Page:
The industrial production of cement-based and lime-based materials such as mortars contributes significantly to the release of greenhouse gases such as CO2 into the atmosphere. However, a percentage of these emissions is reabsorbed as the mortar hardens, owing to carbonation reactions. This study aims to explore the CO2 sequestration capacity of a cement-based (CM) and a lime-based mortar (LM) over the first 28 days of curing. The CO2 uptake of CM and LM was experimentally evaluated in mildly accelerated conditions by using a volumetric approach. This procedure enabled us to assess the CO2 absorbed after 1, 7 and 28 days from mortar preparation so as to simulate CM and LM behavior during their setting, hardening, and service-life conditions. Through the experimental approach values of 19.1, 25.5 and 26.4 g CO2/kg for CM and 5.0, 11.0 and 16.1 g CO2/kg for LM were obtained. These results, which were validated by means of X-ray diffraction along with calcimetry analysis, confirmed that carbon sequestration by common mortars during their curing time is not negligible.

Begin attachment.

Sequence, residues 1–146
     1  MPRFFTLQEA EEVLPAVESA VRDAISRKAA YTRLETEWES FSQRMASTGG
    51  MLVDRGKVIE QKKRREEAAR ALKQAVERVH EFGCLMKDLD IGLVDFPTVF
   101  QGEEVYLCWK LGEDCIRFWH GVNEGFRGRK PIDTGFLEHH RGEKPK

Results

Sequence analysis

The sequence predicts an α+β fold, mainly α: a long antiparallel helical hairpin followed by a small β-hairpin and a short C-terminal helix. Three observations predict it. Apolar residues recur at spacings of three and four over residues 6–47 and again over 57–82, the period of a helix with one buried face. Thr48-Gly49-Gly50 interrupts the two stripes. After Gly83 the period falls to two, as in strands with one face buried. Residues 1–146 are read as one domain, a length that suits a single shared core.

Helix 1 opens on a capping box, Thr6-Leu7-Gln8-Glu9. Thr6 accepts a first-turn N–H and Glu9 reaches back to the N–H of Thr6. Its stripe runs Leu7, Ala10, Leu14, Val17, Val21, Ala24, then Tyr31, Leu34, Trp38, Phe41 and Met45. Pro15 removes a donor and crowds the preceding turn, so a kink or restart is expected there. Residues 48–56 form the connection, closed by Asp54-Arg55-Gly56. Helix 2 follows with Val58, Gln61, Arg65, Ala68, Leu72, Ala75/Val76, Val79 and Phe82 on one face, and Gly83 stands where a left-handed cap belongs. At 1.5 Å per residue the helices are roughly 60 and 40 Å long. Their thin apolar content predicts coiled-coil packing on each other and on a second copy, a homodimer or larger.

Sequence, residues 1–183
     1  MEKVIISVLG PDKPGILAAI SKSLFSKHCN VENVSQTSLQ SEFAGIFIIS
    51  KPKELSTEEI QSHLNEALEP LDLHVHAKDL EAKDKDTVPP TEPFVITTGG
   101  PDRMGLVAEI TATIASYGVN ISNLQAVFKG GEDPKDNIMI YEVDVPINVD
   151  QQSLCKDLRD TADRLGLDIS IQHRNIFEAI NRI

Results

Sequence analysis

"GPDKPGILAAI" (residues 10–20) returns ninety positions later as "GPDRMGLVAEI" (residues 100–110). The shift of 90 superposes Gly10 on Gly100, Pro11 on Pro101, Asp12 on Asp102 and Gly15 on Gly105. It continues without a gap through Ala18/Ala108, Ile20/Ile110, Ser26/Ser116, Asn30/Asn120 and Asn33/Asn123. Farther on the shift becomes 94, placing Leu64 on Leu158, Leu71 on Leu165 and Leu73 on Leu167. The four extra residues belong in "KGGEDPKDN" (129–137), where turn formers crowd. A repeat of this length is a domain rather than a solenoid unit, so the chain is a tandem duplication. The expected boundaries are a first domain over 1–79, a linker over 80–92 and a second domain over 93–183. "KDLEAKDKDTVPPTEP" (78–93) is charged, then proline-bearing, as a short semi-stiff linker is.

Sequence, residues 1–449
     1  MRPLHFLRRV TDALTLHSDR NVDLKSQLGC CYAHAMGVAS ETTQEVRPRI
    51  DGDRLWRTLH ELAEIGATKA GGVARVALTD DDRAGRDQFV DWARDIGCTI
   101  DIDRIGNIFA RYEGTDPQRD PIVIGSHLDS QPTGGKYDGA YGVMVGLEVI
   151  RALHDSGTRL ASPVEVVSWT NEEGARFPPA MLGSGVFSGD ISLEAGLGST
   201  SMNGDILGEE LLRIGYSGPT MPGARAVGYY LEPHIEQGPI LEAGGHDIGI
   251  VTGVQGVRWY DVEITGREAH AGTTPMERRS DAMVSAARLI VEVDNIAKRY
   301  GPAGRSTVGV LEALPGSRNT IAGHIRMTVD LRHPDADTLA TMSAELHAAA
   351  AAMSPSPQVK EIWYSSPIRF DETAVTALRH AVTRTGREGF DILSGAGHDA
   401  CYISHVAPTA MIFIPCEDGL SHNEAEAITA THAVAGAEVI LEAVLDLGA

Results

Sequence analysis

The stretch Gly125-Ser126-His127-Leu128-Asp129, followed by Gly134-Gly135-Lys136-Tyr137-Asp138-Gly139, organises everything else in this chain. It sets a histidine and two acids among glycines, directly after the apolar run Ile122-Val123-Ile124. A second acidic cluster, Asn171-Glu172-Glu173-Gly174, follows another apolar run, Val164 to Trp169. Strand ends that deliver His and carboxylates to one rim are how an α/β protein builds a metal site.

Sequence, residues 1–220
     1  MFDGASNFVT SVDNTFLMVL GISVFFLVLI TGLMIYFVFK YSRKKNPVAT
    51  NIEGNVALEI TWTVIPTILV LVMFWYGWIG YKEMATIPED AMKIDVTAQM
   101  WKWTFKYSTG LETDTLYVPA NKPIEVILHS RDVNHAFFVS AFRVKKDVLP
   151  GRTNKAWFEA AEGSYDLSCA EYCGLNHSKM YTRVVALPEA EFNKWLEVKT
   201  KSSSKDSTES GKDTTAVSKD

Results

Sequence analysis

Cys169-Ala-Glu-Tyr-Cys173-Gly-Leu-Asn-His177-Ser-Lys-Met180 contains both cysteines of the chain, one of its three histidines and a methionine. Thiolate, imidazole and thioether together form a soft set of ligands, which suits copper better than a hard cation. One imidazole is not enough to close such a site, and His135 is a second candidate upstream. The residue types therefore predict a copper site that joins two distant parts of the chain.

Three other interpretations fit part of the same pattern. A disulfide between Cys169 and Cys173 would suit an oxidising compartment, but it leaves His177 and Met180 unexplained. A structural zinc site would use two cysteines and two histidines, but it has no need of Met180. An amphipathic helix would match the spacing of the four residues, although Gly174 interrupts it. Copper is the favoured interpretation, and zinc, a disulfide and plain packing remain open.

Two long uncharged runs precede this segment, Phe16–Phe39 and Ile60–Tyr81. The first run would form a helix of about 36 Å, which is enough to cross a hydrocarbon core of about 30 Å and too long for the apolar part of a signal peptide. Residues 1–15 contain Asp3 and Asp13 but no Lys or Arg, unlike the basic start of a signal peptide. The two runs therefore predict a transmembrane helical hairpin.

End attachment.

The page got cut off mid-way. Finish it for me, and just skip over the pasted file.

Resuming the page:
Evaluation of CO2 Uptake under Mild Accelerated Carbonation Conditions in Cement-Based and Lime-Based Mortars

BALLETTO, GINEVRA
;
NAITZA, STEFANO
;
MAZZELLA, ALESSANDRO
2014-01-01

Abstract

The industrial production of cement-based and lime-based materials such as mortars contributes significantly to the release of greenhouse gases such as CO2 into the atmosphere. However, a percentage of these emissions is reabsorbed as the mortar hardens, owing to carbonation reactions. This study aims to explore the CO2 sequestration capacity of a cement-based (CM) and a lime-based mortar (LM) over the first 28 days of curing. The CO2 uptake of CM and LM was experimentally evaluated in mildly accelerated conditions by using a volumetric approach. This procedure enabled us to assess the CO2 absorbed after 1, 7 and 28 days from mortar preparation so as to simulate CM and LM behavior during their setting, hardening, and service-life conditions. Through the experimental approach values of 19.1, 25.5 and 26.4 g CO2/kg for CM and 5.0, 11.0 and 16.1 g CO2/kg for LM were obtained. These results, which were validated by means of X-ray diffraction along with calcimetry analysis, confirmed that carbon sequestration by common mortars during their curing time is not negligible.
CaCO3; Carbonation; CO2 Uptake
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Utilizza questo identificativo per citare o creare un link a questo documento: https://hdl.handle.net/11584/84892
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